Great Short Works of Herman Melville Test | Mid-Book Test - Hard

This set of Lesson Plans consists of approximately 122 pages of tests, essay questions, lessons, and other teaching materials.
Buy the Great Short Works of Herman Melville Lesson Plans
Name: _________________________ Period: ___________________

This test consists of 5 short answer questions, 10 short essay questions, and 1 (of 3) essay topics.

Short Answer Questions

1. How does the narrator of "Cock-a-Doodle-Doo?" treat his creditor after hearing the crow?

2. Why does the narrator of "Cock-a-Doodle-Doo?" believe he should not be sued?

3. Why does the Town-Ho's captain have to put the ship into port?

4. How does the narrator get into the London theater presentation?

5. What previous employment had shaped Bartleby?

Short Essay Questions

1. Why does the narrator say that pity turns into repulsion?

2. What is the figurehead on the San Dominick?

3. What do the sailors in "The Encantadas" do with tortoises?

4. What was disrespectful about Radney asking Steelkilt to sweep the deck?

5. How have the Knights Templar changed, according to Melville's observations, in "The Paradise of Bachelors"?

6. What does the narrator say happens to one in command who discovers a subordinate who is "significantly his superior"?

7. Why does the narrator continue to accept Bartleby's refusals?

8. How is the accuracy of copy verified by scriveners?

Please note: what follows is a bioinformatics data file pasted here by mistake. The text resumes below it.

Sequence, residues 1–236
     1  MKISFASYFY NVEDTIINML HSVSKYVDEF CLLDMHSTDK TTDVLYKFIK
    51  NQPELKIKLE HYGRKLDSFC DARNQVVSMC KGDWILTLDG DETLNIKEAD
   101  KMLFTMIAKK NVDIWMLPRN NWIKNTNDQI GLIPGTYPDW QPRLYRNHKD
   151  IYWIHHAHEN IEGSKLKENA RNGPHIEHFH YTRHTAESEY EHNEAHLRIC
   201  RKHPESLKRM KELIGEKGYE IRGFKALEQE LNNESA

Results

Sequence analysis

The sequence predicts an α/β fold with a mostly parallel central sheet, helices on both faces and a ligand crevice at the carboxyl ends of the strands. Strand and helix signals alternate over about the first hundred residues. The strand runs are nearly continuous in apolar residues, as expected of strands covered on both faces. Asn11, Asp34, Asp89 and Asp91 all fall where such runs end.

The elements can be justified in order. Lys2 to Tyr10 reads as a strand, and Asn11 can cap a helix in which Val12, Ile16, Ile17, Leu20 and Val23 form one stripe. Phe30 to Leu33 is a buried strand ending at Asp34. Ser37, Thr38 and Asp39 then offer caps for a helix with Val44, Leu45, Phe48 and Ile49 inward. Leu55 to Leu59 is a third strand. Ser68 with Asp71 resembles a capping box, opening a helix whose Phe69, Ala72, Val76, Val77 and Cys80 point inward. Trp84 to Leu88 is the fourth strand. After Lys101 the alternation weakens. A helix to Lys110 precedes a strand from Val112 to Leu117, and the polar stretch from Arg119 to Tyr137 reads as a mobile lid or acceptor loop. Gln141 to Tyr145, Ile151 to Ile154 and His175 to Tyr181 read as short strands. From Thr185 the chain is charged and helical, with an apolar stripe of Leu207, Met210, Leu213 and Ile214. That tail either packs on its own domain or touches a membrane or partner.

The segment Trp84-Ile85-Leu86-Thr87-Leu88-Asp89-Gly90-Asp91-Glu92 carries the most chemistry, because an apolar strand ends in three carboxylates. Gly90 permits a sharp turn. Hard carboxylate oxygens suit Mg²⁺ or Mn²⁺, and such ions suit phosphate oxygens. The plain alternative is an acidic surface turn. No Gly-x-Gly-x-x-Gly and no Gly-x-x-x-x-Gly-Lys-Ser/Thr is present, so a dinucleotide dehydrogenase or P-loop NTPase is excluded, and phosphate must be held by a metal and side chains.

9. What superstition do sailors have about the tortoises in "The Encantadas"?

10. What verb tenses does Melville use in "The Two Temples" to bring immediacy to the story?

Essay Topics

Essay Topic 1

One recurring theme in Melville's stories is the fate of an innocent man in the grip of malice he does not comprehend. Compare two such protagonists, such as Steelkilt and Billy Budd.

Essay Topic 2

Melville's purposes in writing are both artistic and moralistic. Select a story in which you see his purpose as basically one or the other, and give examples from the story in your essay that support your thesis.

Essay Topic 3

Setting is particularly important in Melville's stories. Select a story in which the setting is critical, such as the confinement of shipboard or the home as a center for domestic disputes. Analyze the use and power of the setting in the story you chose.

(see the answer keys)

This section contains 1,816 words
(approx. 7 pages at 300 words per page)
Buy the Great Short Works of Herman Melville Lesson Plans
Copyrights
BookRags
Great Short Works of Herman Melville from BookRags. (c)2015 BookRags, Inc. All rights reserved.